The current guesstimate says roughly 20% of the population are intolerant to gluten, with about 1% of that group having a potentially fatal intestinal condition called celiac disease. The remaining 19% or so are classified as having “non-celiac gluten sensitivity.”
Despite the dozens and dozens of medical and psychiatric conditions linked to gluten intolerance, it’s also guessed that less than 2% of all gluten-sensitive individuals ever learn of their diagnosis. With data like this, you can appreciate how even an organization as conservative as the American College of Physicians once voted celiac disease the most commonly overlooked diagnosis in internal medicine.
Let’s talk about celiac disease first
Why a person’s immune system starts reacting against gluten grains (wheat, rye, oats, spelt, barley, triticale, kamut) and gluten-containing foods (omnipresent in packaged foods) is unknown, but the susceptibility does appear to run in families. In celiac disease, your immune system creates antibodies against gluten and it’s these antibodies, along with exposure to the grains and other sources of gluten, that damage the cells lining your small intestine. This is quite dangerous because the small intestine is where you absorb the nourishment required for your entire body to function. As your small intestine fails to absorb nutrients, you slowly but steadily become malnourished. The process can take years, and in fact the average person with celiac has symptoms for 11 years before it’s diagnosed.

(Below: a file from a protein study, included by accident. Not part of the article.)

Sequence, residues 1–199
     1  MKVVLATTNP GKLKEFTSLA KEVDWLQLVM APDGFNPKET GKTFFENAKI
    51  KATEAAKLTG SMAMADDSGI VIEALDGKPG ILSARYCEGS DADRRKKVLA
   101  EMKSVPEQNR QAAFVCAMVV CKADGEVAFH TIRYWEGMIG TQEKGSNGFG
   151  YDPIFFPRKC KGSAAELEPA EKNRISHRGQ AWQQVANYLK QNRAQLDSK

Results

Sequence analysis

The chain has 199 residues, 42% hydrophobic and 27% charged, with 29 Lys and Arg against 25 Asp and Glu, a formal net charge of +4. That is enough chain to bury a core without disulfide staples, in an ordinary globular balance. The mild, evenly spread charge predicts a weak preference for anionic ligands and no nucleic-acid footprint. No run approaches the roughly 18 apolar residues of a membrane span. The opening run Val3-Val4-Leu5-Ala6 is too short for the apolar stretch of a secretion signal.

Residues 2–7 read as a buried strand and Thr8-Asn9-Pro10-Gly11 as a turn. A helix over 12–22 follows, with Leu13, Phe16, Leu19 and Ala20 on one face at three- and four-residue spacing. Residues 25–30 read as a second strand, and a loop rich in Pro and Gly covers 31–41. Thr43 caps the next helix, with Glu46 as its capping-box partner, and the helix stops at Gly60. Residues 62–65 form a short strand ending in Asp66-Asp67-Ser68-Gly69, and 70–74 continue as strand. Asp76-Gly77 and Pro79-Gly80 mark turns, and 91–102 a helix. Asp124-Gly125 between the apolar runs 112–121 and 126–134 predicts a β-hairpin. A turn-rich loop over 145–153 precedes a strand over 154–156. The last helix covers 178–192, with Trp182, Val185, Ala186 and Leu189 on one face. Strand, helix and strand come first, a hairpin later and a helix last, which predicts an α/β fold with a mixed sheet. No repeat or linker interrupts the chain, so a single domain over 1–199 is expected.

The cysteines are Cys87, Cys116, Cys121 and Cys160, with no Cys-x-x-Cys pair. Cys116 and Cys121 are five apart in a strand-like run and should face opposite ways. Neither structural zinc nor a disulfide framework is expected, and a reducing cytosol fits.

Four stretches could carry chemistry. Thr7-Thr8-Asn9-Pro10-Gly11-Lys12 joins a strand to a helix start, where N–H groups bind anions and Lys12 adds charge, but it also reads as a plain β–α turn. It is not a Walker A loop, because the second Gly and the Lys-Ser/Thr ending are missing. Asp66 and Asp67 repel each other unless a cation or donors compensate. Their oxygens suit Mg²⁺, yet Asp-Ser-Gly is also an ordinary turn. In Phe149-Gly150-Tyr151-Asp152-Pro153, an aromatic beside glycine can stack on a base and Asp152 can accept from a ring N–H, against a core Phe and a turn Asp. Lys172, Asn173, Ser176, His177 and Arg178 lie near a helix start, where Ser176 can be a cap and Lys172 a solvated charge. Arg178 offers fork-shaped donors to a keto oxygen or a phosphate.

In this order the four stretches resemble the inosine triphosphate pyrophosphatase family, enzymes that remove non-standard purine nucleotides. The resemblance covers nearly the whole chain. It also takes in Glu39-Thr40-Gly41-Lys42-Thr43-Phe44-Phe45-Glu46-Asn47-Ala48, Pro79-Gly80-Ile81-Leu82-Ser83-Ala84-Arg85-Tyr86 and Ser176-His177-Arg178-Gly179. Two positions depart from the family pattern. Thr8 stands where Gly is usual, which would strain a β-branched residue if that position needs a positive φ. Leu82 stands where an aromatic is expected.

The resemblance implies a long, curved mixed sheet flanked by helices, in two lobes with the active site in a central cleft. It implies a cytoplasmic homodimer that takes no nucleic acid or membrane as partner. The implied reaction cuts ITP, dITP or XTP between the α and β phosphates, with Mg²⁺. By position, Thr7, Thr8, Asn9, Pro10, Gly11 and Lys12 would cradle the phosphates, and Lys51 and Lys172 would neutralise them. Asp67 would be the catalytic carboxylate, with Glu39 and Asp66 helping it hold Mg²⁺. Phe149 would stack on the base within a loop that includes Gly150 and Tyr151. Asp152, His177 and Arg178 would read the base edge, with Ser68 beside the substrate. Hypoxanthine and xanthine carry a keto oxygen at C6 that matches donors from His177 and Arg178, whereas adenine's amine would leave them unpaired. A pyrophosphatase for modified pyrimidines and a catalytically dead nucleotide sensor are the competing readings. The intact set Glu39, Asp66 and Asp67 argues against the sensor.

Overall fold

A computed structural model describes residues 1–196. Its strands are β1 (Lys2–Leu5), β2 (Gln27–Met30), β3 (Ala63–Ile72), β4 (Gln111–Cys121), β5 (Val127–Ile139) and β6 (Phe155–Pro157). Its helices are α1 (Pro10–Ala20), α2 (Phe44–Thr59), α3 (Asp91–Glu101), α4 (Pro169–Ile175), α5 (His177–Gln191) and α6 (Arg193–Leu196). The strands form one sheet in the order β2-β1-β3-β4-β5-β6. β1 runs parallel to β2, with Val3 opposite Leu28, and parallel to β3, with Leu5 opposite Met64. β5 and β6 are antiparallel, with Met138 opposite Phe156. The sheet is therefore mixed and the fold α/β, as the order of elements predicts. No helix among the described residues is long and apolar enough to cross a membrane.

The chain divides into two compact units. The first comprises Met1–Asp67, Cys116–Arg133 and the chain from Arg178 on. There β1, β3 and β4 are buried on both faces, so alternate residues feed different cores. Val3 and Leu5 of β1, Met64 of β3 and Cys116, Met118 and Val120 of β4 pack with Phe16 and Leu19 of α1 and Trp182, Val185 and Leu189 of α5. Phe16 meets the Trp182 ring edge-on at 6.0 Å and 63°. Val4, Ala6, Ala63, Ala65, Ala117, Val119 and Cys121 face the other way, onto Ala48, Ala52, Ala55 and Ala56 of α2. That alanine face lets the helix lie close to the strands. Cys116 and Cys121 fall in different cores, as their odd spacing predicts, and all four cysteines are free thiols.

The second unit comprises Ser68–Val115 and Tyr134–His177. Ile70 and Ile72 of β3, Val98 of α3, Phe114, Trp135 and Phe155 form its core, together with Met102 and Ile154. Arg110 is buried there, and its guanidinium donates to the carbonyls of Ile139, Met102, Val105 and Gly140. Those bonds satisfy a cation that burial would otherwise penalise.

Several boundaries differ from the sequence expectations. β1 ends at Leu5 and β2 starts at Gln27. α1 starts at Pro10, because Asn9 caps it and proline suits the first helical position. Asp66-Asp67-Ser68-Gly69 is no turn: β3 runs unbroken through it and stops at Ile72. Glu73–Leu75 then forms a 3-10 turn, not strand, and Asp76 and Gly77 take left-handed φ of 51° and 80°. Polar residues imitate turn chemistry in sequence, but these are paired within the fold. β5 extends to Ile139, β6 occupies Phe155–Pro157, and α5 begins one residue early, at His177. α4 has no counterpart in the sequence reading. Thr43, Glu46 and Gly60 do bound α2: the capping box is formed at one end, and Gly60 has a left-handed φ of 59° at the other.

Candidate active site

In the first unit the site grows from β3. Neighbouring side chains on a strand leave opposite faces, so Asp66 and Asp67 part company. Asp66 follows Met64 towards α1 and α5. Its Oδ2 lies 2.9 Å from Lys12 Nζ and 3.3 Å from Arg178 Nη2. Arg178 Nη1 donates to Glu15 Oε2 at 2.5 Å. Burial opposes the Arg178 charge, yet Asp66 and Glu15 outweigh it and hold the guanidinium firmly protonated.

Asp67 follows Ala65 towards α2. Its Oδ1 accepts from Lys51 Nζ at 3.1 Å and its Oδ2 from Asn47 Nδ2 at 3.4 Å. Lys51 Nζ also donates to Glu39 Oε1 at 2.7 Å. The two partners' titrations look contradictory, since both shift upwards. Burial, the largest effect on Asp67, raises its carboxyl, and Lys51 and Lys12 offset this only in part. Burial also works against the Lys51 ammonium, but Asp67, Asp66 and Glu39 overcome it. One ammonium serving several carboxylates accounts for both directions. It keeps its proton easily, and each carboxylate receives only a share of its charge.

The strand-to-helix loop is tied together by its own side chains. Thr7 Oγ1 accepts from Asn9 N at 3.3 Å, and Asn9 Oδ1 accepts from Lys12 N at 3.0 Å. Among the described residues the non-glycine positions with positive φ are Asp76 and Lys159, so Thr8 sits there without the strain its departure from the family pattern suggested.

Over those 11 years the main symptoms are digestive (bloating, gas, poor appetite, chronic indigestion, changes in bowel movements), but you might also develop a variety of seemingly unrelated symptoms (depression, fatigue, skin rashes, hair loss, weight loss, muscle cramps, easy bruising, changes in periods) related to being unable to absorb specific nutrients. I remember a patient several years ago who’d been diagnosed with anorexia nervosa because her main issue was that she just “wasn’t hungry,” even though she knew she was dangerously underweight. I was one of several physicians who missed her actual diagnosis, but in the end she did well once an alert gastroenterologist checked her for celiac disease.
One reason it can take so long to diagnose celiac is that testing is somewhat complicated. Although now there are simple and generally reliable blood tests to screen for it, the gold-standard diagnostic test is taking a biopsy of the cells lining your small intestine. The procedure is done in the outpatient department of a hospital by a gastroenterologist who inserts a gastroscope into your stomach and then threads a delicate tube into your intestine through which the cell sample is obtained. If celiac is present, the intestinal cells show a characteristic flattening, evidence of damage by the antibodies and gluten molecule.
Treatment is avoiding gluten grains and countless gluten-containing foods. Once completely eliminated, your intestine heals, malabsorption reverses, and your health is restored.
Non-celiac gluten intolerance
Far more common (remember, almost 20% of the population) and more frequently overlooked than celiac is non-celiac gluten intolerance, a completely different condition. The reason it’s not identified by physicians is our obsessive reliance on positive lab tests to confirm a diagnosis. Thus a frequent patient-physician conversation goes something like this:
Patient: “Doctor, all those chronic symptoms I had went away when I gave up wheat.”